Sitting on a table nearby is “AD 2000, Rusty for Another 2000 Years,” a collection of metal bottles by Chinese artist Zheng Guogu. “I was fascinated when I first saw it,” says Lim. “A lot of Hong Kong artists wouldn’t use a medium like that – making a sculpture out of steel. It’s a good counterbalance to the works you would see by Hong Kong artists or even by Lee Bul. You expect it to be light because it’s just a bottle, but it’s solid steel. When you try to lift it, it’s very heavy.”
Lim encourages visitors to find out for themselves. “I feel that art should not be something put behind a case – it should be something you actually interact with and have fun with. A lot of visitors to my studio try to lift these metal bottles and that’s part of the interesting thing about this work, it’s what you don’t expect from it.” It’s one of the reasons why Lim calls it the Living Collection: these are not passive objects entombed in glass, they are dynamic, sometimes surprising things that share our space. Walking around the studio, there are no security guards, nobody to tell you to step away from the art – and that’s just the way Lim likes it.
The next pair of works focuses on another unassuming subject: books. Hong Kong artist Annie Wan’s “The Tides of Time” encases a volume in cement. Singapore-based artist Heman Chong produced a painting based on the cover of Gabriel García Márquez’s One Hundred Years of Solitude every year for seven years.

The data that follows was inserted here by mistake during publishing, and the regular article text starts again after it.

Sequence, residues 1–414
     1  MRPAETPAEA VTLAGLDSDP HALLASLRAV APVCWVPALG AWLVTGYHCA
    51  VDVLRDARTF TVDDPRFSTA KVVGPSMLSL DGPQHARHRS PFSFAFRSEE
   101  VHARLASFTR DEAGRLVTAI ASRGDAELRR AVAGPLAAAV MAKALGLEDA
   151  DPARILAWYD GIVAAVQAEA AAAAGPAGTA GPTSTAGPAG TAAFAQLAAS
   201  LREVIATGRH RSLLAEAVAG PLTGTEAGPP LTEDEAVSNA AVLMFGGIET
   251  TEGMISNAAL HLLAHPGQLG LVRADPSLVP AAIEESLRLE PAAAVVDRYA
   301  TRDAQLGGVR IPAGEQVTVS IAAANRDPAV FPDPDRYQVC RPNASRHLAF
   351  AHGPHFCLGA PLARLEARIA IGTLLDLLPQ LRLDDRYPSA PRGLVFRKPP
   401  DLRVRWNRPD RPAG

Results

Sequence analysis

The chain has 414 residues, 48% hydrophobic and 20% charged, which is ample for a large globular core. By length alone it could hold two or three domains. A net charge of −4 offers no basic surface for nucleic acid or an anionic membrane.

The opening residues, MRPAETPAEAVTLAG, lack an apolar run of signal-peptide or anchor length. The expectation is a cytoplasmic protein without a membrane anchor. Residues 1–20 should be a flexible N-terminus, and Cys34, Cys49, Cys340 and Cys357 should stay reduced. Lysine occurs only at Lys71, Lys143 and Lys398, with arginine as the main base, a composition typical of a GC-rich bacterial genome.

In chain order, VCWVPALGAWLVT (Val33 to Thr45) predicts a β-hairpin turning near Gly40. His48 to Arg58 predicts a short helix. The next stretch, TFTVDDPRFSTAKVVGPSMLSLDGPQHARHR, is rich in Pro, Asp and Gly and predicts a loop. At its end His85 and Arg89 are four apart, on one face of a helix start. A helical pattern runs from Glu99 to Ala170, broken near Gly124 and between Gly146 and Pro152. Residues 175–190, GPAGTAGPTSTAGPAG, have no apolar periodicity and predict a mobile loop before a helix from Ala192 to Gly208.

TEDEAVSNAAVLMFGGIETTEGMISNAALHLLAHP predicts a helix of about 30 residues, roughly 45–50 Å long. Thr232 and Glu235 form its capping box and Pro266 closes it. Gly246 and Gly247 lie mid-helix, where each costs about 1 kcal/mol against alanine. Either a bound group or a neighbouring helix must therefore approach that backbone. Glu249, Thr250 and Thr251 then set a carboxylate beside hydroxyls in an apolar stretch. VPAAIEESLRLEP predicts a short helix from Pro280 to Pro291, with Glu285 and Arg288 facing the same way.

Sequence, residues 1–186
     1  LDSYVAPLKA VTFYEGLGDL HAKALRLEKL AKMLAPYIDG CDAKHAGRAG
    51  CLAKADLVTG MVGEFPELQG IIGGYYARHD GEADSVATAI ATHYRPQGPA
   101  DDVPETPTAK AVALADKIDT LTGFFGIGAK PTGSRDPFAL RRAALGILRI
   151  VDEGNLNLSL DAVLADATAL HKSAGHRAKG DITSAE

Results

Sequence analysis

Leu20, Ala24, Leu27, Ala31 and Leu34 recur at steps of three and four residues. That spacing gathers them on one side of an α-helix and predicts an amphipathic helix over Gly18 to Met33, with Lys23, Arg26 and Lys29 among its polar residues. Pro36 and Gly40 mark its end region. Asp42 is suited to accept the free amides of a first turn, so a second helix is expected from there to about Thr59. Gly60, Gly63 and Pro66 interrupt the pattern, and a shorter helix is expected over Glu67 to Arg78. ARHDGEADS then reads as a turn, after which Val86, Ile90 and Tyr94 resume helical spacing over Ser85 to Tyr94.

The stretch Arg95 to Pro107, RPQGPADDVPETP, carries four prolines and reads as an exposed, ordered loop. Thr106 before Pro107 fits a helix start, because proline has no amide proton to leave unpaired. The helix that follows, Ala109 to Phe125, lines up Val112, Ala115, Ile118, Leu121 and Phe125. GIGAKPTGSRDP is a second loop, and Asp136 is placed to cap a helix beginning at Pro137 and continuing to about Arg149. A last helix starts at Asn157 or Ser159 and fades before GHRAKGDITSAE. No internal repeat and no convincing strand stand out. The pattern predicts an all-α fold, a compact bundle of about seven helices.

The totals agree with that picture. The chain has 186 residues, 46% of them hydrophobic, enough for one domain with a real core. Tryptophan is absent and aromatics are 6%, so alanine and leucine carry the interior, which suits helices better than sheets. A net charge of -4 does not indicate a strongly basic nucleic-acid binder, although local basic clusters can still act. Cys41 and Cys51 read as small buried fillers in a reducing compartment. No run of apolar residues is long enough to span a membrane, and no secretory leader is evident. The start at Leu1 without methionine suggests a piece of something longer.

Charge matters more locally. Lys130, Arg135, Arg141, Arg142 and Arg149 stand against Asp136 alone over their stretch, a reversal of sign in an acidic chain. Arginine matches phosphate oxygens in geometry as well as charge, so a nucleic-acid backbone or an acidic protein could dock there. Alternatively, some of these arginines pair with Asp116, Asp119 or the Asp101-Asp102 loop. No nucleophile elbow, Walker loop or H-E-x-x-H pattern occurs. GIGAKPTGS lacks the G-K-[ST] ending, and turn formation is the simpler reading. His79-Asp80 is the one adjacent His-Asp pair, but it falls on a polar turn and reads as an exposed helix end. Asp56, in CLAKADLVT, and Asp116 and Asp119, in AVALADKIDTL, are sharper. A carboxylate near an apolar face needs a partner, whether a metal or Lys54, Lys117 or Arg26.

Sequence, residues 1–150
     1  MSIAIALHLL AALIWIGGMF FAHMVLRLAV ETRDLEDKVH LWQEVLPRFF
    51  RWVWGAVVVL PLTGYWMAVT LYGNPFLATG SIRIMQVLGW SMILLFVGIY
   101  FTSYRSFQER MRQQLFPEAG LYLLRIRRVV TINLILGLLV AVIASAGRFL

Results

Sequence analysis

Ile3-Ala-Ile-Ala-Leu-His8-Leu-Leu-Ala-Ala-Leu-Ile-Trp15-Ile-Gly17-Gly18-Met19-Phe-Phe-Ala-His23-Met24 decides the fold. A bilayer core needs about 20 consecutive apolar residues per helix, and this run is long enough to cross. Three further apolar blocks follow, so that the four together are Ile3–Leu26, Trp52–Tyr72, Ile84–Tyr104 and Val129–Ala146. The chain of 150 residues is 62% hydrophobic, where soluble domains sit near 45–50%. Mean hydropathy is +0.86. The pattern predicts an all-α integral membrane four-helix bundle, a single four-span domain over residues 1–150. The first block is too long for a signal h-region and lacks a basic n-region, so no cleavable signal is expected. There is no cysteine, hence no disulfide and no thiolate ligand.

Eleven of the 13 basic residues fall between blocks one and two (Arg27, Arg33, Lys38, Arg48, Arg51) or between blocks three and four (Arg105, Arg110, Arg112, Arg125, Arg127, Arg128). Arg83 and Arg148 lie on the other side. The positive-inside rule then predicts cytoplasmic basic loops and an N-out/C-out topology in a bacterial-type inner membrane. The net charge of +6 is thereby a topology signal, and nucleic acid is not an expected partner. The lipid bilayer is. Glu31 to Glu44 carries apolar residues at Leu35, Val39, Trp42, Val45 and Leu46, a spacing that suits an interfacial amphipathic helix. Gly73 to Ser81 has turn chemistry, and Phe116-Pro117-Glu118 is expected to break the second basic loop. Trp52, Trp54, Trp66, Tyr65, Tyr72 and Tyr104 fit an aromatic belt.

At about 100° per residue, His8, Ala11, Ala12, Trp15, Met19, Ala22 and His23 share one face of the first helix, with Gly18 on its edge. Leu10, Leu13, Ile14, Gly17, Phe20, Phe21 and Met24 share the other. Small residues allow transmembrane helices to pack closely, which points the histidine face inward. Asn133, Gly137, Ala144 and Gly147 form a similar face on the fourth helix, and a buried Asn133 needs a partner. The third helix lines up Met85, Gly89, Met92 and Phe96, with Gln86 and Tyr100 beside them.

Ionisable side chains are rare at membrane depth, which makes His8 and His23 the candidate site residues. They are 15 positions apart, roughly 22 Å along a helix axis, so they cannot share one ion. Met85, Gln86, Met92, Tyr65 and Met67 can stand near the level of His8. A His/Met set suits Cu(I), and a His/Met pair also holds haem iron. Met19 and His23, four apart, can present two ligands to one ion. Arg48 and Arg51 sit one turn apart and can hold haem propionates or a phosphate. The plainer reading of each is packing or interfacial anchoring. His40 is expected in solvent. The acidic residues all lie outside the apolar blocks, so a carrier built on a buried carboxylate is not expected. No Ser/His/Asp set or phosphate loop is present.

“Annie’s work is probably one of the most poetic works in my collection, dealing with history that is being erased,” says Lim. After covering every page in the book with cement, she burned away the paper. “It’s a very simple work that is very easy to understand. It doesn’t need much explanation and that’s the kind of work that really appeals to me.”
By contrast, Chong’s work is based on years of collaboration with Lim. “The premise is that the cover will be done in black and white, monochrome,” he says. “He has been exploring different expressions of this book cover. What’s probably more important is the time essence of the work. We’re producing one of these every year and it’s a continuation.” That also reflects the book itself, which follows several generations of a Colombian family, exploring the relationship between the past, present and future. As Chong reworks the cover every year, its appearance shifts and transforms despite using the same template and the same palette of colours – different in appearance but not in form.
Lim’s final two picks are by Hong Kong artists Tsang Kin-wah and Samson Young. Tsang’s work, “Pretty $hit – Pi$$ Pretty (green on white),” is a floral patterned print that, upon closer inspection, consists of slurs in English and Chinese. “Tsang Kin-wah is one of my favourite Hong Kong artists,” says Lim. “His work has a lot of different dimensions to read from. This one looks like a Victorian wallpaper, it’s very pretty in a way, but if you look closer it has a lot of vulgar language.” Lim says the work also hints at the influence of Chinese porcelain patterns on Victorian decor, recalling the East-West cultural connections that have been taking place for centuries. And he particularly likes how the work evokes “the hidden emotion behind a calm and pretty surface” – a common theme in Tsang’s practice, which explores the anger, conflict and trauma that lurks beneath the surface of a seemingly orderly society.